Road running is beautifully simple: Lace up your sneakers, head out the door and put one foot in front of the other. The pavement doesn’t care if you’re a racer or a beginner. That makes running delightfully uncomplicated—and the gear for hitting the road can be just as straightforward, so long as you understand a few key decision points.
If you want to brush up on heel drop, types of cushioning, support and more, read our complete guide on how to choose running shoes or our buying advice below. Then, get started logging miles with our staff’s favorite picks for road runners.
Best Traditional Shoe
Weight (pair): 1 lb. 3 oz. (men’s 9)
Running isn’t necessarily bad for your knees, but runners can have bad knees. Enter the Adrenaline GTS 20. This traditional running shoe (the height of the cushioning drops 12mm from the heel to the toe of the shoe; called “drop” in running parlance) from Brooks helps protect our weak-jointed brethren by replacing the standard medial posts on either side of the midsole with guide rails. Like with bowling, the bumper-like guide rails on each side gently redirect the foot into the proper positioning when it rolls inward (rather than a more obtrusive post, which can jam your arch).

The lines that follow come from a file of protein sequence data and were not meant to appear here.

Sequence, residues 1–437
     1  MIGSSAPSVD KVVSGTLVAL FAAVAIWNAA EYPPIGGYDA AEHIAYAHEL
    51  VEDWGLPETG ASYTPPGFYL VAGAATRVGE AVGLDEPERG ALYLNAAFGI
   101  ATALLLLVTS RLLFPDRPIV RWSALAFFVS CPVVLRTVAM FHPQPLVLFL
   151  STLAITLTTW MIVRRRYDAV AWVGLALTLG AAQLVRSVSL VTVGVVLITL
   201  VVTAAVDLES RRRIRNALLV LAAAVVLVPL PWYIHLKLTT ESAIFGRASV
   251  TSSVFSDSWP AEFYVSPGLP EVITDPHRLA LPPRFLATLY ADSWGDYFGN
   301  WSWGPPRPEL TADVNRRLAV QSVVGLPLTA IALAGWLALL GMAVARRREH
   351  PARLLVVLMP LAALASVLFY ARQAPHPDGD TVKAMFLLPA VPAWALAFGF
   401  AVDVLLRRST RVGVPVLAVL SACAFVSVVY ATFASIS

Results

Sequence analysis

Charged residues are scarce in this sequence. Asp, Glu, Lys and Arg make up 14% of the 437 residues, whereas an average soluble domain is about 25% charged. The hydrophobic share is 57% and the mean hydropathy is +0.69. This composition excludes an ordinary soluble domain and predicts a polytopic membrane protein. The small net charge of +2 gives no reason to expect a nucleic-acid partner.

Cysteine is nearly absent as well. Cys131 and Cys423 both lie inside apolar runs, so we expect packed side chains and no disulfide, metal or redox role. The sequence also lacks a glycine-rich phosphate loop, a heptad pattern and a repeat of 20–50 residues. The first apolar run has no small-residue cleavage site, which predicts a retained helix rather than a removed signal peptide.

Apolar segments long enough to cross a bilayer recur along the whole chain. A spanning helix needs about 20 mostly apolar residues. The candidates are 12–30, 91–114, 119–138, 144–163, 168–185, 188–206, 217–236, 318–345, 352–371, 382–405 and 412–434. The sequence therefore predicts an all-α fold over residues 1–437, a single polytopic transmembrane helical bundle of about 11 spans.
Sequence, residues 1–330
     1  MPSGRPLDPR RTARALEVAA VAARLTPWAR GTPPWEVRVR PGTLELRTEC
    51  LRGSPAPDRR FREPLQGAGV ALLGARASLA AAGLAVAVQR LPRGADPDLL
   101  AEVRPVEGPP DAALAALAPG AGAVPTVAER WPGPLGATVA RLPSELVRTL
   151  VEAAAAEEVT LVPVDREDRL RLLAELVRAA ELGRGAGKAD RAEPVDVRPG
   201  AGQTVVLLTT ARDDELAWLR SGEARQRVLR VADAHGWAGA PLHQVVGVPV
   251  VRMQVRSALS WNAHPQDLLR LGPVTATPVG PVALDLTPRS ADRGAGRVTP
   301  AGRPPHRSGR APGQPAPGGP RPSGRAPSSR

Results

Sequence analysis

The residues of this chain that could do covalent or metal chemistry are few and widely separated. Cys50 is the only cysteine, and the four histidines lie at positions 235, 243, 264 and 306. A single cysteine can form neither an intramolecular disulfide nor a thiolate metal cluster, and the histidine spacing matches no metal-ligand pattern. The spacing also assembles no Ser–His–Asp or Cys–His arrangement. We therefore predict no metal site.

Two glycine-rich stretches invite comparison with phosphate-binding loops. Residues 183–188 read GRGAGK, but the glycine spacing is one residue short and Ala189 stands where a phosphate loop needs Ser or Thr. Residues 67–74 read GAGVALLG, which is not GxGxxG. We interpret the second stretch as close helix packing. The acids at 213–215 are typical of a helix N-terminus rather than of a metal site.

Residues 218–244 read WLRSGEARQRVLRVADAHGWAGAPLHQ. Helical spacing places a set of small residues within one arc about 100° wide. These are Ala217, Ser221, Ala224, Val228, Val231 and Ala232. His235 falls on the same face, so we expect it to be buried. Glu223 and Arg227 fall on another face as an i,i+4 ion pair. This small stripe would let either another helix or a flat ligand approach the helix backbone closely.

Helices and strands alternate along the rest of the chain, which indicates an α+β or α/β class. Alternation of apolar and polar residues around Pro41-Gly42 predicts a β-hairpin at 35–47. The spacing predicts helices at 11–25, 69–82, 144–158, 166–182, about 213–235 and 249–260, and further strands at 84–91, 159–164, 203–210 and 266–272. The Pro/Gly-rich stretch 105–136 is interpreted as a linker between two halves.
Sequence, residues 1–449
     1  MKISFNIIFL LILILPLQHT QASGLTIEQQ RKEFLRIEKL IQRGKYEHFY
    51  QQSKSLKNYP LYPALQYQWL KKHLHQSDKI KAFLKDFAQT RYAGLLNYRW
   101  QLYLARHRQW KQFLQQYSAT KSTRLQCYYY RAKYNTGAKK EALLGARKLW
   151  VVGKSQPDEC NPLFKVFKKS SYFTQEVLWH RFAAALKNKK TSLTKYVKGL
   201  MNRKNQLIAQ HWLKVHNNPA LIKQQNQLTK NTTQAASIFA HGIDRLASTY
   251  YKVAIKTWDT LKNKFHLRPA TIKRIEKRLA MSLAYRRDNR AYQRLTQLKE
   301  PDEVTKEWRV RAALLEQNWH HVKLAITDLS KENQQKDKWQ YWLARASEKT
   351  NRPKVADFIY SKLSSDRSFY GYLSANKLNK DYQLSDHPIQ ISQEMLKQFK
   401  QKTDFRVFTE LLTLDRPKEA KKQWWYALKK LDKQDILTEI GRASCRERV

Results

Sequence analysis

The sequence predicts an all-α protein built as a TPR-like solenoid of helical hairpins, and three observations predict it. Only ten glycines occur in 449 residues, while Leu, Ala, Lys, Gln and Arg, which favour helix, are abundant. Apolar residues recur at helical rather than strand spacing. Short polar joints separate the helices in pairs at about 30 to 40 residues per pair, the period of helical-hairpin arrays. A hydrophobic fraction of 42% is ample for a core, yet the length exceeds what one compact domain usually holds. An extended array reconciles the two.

It’s an effective formula for a shoe entering its third decade in the running world. One co-op editor says: “My dad is a lifelong runner, devoted Adrenaline fan and who I go to for all of my running advice (notable lessons include: Don’t wear your race shirt on race day, run down a hill like your feet are on fire, don’t eat peanut butter before running, etc.), so I know that when he likes a shoe, it’s a solid choice. He has been known to buy multiple pairs of the Adrenaline at a time, and now so do I.” Buy here.
Best Minimalist Shoe
Weight (pair): 15.6 oz. (men’s 9)
The featherlight Kinvara feels a bit like a racing flat at first, but it’s more supportive than one. The shoe’s height under the heel (called “stack height” in runner’s parlance) is a hefty 28.5mm—big cushioning that belies the shoe’s race-ready 4mm drop. Additional support comes from Saucony’s proprietary PWRRUN midsole, which makes the Kinvara 11 bouncier than previous models and cushioned enough to protect your feet from debris and harder strikes. “Pretty good for a pair of shoes that slides in under the 1-pound mark,” says one co-op editor.
A shoe this lightweight is, of course, well-suited for going far and fast, but the 4mm drop is best for mid- and forefoot striking. (Read more about cushioned minimalist running shoes.) If that sounds like you, there may be no better workhorse of a shoe for the weight. Buy here.
Best Zero-Drop Shoe
Weight (pair): 1 lb. 1.6 oz. (men’s 9)
Whether you have hobbit feet or simply prefer a little wiggle room, consider the luxurious Altra Escalante 2. A super roomy toe box and sock-like upper beget the sort of all-around comfort that made our staffers noticeably happier while trotting down the sidewalk. “Ordinarily, I avoid pavement at all costs, but these have become my go-to shoes while sheltering-in-place,” one says.